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Ben Ainslie: we can out-sail Luna Rossa in Prada Cup

The Prada Cup is going to be close, says Sir Ben Ainslie ahead of the Final, but he’s confident the British team can match Luna Rossa in boat handling as racing for a place in the America’s Cup resumes this weekend

“I think it will be a very, very closely fought final, that’s my expectation,” Ben Ainslie said speaking to Yachting World just days before Prada Cup Final between his British America’s Cup team INEOS Team UK and the Italian Challenger Luna Rossa.

Opposing Prada Cup finalists Luna Rossa do not, Ainslie observed in a team update, seem to have any obvious weak areas. But in the white-hot competition of AC75 racing, you do not need your opponent to be weak, only for your team to be slightly stronger. Where does he think INEOS Team UK has an advantage?

Ainslie ready for Prada Cup Final

Team principal and skipper Sir Ben Ainslie. Photo: Team INEOS UK /Lloyd Images

“I think just in race craft, really,” Ainslie told Yachting World. “I think in throwing the boat around in tight situations, our sailors have done a brilliant job. So far – we’ve still got to keep improving. But I’ve got a lot of confidence in our sailing team to be able to at least match the Italians in these close boat-on-boat situations, which you may well see quite a few of.

“And it’ll be interesting to see the heavy air performance. We haven’t really had much of a real [test against] them in say over 14, 15 knots of wind speed against the Italians. And it’ll be interesting to see if one of us has a jump in those conditions.”

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Given that the British America’s Cup Challengers are expected to be faster in stronger conditions, it would be understandable if Ainslie and team were disappointed with the recent decision to keep the upper wind limit for racing at 21 knots, instead of extending it as planned to 23 knots.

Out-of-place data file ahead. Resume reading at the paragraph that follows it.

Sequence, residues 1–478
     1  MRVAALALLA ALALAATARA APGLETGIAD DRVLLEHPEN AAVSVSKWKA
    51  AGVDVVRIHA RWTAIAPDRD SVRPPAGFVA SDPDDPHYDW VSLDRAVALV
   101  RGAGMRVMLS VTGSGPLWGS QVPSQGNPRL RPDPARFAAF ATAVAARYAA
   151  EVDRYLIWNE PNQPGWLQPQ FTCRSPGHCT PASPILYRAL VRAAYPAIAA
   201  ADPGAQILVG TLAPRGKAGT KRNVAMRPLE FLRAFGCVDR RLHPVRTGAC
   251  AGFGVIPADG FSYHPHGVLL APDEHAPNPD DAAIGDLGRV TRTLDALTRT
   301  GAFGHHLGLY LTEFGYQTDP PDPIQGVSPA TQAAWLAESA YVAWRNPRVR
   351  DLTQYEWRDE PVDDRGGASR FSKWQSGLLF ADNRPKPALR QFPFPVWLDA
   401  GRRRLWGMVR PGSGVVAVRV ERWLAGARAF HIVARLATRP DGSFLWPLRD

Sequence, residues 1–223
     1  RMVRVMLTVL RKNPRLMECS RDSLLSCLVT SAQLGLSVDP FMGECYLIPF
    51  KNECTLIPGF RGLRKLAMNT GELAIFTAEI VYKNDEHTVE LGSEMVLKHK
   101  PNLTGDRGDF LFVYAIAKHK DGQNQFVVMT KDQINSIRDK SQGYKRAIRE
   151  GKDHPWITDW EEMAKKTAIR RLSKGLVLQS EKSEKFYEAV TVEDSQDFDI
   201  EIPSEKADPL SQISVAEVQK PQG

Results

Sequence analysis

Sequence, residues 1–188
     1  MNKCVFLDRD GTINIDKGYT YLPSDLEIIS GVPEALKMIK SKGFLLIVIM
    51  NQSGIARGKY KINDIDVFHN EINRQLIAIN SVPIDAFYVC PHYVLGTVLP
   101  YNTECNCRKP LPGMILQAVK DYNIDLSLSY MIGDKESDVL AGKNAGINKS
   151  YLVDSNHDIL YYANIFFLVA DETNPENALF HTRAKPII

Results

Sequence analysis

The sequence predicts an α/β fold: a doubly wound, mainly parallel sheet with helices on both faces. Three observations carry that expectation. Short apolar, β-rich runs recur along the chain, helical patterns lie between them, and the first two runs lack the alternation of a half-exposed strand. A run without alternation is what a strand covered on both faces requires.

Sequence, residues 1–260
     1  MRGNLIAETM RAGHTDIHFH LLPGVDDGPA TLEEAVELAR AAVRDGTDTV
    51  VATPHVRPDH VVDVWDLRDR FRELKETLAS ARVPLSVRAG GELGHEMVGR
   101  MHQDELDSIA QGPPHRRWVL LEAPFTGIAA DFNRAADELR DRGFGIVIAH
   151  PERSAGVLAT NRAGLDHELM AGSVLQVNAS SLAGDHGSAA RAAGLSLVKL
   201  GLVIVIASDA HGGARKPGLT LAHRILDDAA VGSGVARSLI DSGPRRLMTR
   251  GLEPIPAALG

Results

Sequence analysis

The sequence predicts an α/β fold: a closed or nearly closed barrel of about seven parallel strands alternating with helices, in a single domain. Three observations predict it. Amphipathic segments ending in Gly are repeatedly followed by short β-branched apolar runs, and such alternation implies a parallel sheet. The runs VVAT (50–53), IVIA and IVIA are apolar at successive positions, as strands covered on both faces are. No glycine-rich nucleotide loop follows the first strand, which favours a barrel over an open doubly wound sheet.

“We were asked our opinion,” Ainslie said diplomatically, “Bear in mind it’s not our decision. That’s a decision for the Defender and Challenger of Record.

“Our opinion was that we didn’t think we should be changing the wind limits at such a late stage. But if the other two teams genuinely felt that there was a safety element to this, then we weren’t going to stand in anyone’s way. And importantly, we weren’t going to moan about it, it’s their decision. We wouldn’t have changed it, but it’s their decision. And we’ll roll with it.”

Ainslie’s Prada Cup Final pre-race advantage?

Having gone straight through to the Prada Cup finals, while Luna Rossa had to sail off against American Magic, INEOS Team UK have gained a valuable week to make additional modifications. Ainslie was understandably reluctant to share much detail, but the team are clearly working to build on many of the improvements they had made over Christmas.

“We clearly had to use that time and, we all know it’s obvious to everyone that the lighter airs is our potential area of weakness. So that’s been our primary focus. And we have made changes across the board to the boat, not just under the water, but above the water as well.

Photo: Borlenghi Studios / COR